# Rational Sets Intersecting

1. Oct 12, 2009

### KeynesianDude

1. The problem statement, all variables and given/known data

Let S={p+q$$\sqrt{2}$$ : p,q $$\in$$ Q} and T={p+q$$\sqrt{3}$$ : p,q $$\in$$ Q}. Prove that S$$\cap$$T = Q.

2. Relevant equations

See above.

3. The attempt at a solution

I was thinking possible using

S$$\cap$$T=Q
S + T - S$$\cup$$T = Q

But I have no idea how to combine them? I don't believe it's necessary to first prove S and T are rational individually.

2. Oct 12, 2009

### lanedance

hmmm... not sure but is there some way to show that

$$p + q\sqrt{2} = s + t\sqrt{3}$$
iff q=t=0
(maybe consider the case p = s = 0 first)

then the intersection reduces to only the rationals?

3. Oct 12, 2009

### KeynesianDude

Thanks for your response. I was thinking the same thing.

Would it be a bad idea to transfer this to one of the math discussion threads? It's high-level undergrad and low-level grad type proof writing class.

4. Oct 12, 2009

### lanedance

why not try it first... (more volume here & they're not meant for homework)
say you have
$$p + q\sqrt{2} \in Q}$$
$$s + t\sqrt{3} \in T}$$

the intersection will be given by elements that satisfy
$$p + q\sqrt{2} = s + t\sqrt{3}$$

re-arranging
$$p-s = (t\sqrt{3} -q\sqrt{2})$$

the left is cleary rational, can the righthand side ever be rational? (haven't tried to prove it or find conditions, but probably a good place to start)

Last edited: Oct 12, 2009
5. Oct 12, 2009

### Dick

You should probably try and solve it before you transfer it. lanedance has good suggestions. Square both sides if t and q are both nonzero. Is sqrt(6) rational? Or is sqrt(2) or sqrt(3) if one of t or q happen to be zero?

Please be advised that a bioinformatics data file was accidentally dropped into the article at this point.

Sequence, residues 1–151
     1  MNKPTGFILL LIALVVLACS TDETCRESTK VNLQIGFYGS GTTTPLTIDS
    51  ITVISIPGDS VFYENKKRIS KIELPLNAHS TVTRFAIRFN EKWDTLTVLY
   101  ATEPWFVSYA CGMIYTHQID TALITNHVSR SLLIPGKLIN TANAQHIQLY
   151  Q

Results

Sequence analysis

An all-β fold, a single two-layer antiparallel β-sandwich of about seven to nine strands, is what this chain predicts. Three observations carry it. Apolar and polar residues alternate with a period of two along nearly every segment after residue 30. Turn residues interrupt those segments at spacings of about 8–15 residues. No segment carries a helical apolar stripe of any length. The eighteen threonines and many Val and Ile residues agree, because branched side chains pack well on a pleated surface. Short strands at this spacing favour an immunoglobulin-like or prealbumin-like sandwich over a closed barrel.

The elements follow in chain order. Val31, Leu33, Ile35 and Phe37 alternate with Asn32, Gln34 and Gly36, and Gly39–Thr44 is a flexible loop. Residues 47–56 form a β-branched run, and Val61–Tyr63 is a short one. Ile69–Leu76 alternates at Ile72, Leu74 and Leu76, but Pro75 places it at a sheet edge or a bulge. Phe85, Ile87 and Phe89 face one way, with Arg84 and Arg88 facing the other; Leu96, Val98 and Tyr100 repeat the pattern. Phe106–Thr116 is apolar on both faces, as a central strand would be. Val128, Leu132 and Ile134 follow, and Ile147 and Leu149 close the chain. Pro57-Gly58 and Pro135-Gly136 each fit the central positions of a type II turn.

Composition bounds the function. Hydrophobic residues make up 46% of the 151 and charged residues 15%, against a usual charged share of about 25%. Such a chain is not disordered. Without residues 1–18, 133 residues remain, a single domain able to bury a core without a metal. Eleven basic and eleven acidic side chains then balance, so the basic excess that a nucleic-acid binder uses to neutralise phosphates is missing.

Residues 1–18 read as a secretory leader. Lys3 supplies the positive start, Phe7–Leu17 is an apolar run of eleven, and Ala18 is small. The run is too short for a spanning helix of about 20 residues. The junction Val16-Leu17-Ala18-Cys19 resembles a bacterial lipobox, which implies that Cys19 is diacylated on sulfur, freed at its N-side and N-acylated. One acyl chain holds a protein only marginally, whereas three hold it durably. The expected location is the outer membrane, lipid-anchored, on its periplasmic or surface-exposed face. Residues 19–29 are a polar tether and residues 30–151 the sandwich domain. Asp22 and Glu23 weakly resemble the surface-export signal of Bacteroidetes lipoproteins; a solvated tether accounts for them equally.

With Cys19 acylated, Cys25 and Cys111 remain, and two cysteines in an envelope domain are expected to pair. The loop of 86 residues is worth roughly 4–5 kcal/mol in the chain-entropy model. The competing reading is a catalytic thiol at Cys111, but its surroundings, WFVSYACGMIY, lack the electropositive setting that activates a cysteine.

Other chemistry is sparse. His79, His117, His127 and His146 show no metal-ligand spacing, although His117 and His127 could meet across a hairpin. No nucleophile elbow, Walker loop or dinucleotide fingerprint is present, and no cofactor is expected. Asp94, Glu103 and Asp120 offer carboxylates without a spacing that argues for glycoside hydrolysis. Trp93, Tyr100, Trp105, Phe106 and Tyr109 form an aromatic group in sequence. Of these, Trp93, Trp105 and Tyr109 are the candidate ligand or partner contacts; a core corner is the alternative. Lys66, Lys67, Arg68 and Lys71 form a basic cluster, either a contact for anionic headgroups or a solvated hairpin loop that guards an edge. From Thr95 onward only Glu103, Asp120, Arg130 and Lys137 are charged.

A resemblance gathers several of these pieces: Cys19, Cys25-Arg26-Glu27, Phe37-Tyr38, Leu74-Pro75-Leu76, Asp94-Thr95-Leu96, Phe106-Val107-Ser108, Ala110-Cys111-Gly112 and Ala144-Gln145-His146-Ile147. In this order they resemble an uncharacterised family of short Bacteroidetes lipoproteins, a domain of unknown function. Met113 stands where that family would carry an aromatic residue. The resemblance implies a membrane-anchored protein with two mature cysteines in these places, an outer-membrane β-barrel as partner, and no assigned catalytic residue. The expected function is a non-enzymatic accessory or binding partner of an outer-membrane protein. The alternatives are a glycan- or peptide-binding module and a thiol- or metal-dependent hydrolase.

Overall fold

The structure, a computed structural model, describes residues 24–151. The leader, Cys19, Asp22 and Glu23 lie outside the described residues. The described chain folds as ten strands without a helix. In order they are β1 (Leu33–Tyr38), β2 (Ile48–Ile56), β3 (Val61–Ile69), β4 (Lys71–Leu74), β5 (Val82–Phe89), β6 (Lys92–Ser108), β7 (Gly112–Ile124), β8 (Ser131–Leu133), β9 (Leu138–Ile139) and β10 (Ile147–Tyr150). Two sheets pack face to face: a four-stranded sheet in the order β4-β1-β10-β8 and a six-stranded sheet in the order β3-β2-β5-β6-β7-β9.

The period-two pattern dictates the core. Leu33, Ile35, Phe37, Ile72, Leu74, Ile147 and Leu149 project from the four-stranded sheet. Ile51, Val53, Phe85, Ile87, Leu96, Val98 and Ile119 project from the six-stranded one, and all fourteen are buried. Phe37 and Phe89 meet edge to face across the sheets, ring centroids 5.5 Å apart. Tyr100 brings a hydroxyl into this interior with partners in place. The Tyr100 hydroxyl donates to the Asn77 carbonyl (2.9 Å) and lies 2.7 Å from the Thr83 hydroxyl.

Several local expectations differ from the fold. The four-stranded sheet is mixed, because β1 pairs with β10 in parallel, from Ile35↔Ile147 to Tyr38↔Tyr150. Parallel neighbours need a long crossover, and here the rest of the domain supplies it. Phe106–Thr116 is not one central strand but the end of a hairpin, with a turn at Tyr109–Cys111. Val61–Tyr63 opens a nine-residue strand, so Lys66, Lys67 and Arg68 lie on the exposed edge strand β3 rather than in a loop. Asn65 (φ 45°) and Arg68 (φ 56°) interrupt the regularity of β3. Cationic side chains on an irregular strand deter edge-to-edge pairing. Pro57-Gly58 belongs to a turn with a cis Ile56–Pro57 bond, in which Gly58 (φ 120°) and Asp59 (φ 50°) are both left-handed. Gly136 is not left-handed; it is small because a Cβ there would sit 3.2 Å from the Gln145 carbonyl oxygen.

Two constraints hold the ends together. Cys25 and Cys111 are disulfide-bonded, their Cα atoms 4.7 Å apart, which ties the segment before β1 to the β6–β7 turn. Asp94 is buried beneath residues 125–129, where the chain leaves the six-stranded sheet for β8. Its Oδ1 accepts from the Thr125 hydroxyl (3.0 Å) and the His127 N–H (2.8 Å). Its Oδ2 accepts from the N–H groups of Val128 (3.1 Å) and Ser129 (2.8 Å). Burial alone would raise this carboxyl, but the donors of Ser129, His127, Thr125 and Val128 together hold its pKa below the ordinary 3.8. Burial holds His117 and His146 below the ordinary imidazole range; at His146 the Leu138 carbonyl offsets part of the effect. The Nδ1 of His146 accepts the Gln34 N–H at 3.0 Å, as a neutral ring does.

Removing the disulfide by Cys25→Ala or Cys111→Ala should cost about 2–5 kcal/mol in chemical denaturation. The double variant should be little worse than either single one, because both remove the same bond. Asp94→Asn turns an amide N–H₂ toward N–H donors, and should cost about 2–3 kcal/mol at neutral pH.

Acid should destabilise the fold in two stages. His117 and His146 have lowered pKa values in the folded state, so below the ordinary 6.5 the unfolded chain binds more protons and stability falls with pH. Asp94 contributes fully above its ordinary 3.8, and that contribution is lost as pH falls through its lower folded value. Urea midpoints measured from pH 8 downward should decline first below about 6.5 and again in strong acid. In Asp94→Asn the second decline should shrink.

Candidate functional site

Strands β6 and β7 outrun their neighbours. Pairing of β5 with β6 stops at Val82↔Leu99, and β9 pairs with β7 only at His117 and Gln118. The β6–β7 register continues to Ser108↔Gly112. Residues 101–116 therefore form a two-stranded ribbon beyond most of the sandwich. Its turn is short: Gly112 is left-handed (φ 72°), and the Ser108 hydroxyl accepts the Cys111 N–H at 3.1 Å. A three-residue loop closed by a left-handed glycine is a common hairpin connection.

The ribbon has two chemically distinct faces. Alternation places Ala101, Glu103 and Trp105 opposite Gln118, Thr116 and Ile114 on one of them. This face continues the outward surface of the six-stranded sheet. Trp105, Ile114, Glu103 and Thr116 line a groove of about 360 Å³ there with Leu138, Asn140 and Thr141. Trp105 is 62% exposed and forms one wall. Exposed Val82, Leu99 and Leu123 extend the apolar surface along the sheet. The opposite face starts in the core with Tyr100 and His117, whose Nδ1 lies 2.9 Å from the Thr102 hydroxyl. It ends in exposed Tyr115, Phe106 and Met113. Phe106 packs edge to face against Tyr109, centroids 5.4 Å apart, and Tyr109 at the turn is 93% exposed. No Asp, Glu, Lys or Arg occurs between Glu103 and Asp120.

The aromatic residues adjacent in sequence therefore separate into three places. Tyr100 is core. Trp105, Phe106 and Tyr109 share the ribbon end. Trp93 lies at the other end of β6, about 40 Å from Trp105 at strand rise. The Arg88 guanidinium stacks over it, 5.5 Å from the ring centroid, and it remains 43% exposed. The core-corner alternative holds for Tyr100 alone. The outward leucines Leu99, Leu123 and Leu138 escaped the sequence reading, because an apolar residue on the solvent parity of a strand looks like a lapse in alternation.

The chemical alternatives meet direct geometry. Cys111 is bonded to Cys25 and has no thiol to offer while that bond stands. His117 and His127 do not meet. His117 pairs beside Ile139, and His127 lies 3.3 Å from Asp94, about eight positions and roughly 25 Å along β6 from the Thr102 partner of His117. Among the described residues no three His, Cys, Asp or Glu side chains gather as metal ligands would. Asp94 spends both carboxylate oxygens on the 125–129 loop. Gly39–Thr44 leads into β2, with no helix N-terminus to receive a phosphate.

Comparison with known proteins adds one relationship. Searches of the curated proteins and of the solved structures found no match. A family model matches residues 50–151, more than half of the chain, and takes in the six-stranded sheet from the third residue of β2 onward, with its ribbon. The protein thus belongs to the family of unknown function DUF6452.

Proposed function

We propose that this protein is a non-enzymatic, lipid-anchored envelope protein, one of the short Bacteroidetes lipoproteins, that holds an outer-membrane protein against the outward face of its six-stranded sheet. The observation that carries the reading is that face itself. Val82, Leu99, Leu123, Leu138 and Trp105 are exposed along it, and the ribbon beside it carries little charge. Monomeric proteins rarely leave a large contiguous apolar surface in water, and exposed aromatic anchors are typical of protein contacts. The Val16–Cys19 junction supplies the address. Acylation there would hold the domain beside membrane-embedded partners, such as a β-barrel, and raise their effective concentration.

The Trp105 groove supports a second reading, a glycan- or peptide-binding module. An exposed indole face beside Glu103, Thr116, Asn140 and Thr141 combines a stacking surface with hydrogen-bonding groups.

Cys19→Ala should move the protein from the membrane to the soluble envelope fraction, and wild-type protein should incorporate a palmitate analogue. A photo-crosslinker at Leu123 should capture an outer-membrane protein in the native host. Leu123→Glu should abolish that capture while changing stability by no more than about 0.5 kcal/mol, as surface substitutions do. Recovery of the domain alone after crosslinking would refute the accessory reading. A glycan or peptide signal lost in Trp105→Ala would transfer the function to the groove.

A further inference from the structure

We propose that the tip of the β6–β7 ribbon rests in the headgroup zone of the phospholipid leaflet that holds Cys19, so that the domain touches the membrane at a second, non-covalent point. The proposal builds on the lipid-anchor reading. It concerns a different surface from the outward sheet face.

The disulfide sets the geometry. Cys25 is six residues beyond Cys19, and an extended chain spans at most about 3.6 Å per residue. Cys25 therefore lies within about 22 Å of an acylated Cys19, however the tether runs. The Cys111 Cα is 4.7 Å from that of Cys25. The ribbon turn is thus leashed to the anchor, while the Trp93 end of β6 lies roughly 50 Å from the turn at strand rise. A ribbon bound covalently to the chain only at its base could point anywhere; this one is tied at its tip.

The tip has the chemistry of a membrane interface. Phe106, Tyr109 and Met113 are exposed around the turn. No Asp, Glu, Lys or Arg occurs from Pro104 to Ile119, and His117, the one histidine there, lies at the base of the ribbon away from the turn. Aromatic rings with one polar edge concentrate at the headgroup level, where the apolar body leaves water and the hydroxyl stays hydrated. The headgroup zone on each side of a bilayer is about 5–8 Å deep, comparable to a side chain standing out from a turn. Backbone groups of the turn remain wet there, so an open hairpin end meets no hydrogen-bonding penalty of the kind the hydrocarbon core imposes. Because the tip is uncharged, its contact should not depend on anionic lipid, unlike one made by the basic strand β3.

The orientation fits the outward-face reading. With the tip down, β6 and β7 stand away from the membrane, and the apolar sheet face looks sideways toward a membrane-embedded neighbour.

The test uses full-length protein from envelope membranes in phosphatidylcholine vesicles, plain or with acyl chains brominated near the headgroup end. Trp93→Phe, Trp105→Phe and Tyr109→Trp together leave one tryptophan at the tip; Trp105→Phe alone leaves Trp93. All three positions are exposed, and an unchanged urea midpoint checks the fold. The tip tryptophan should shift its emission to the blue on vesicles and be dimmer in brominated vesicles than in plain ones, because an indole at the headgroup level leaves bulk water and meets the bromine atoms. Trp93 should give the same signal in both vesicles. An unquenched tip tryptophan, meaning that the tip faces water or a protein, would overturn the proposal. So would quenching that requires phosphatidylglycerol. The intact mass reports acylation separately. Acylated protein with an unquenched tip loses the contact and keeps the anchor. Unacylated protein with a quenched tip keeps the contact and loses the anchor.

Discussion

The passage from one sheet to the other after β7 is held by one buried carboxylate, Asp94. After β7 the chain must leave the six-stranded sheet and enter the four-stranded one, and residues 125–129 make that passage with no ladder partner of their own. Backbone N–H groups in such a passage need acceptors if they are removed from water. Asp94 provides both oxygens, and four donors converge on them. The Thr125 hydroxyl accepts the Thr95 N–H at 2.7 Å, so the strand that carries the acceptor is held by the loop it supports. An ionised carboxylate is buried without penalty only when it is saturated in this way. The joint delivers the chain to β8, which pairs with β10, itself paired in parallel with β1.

Last edited: Oct 12, 2009
6. Oct 12, 2009

### KeynesianDude

[$$\sqrt{6}$$ is definitely not rational. I squared both sides and am kind of clueless. It seems like no matter what I do it will always come off as irrational.

It seems like I need to get t or q to be zero to this to work, huh?

7. Oct 13, 2009

### Dick

You want to prove t AND q are both zero. You've got three cases to worry about. t=0, q not zero, q=0, t not zero and q and t both not zero. Yes, you need t=q=0 to make it work. Can you show this?

8. Oct 13, 2009

### KeynesianDude

Would this be acceptable?

Suppose 3t2-2$$\sqrt{6}$$tq+3q is rational, then q:=0. Hence,

(p-s)2=3t2

Both sides are clearly rational. Therefore, S$$\cap$$T $$\in$$ Q.

9. Oct 13, 2009

### lanedance

helps if you show what you are doing, but i think thats the plan

Remember this is the equation that must be sastified by any points in the intersection of S & T.

so note if u is rational, then so is u^2. So as you're hinting... what limits can you put on t & q, to be in the intersection? will need to consider all the cases as Dick mentioned

10. Oct 13, 2009

### lanedance

no - consider the case separately when t,q both non zero, then look at the square
if one of t,q = 0, there is no need to look at the square

note that sqrt(2) is not rational but (sqrt(2))^2 is not,
i think this is because you can show that u^2 irrational implies u is irrational, but u irrational does not imply u^2 is irrational

Last edited: Oct 13, 2009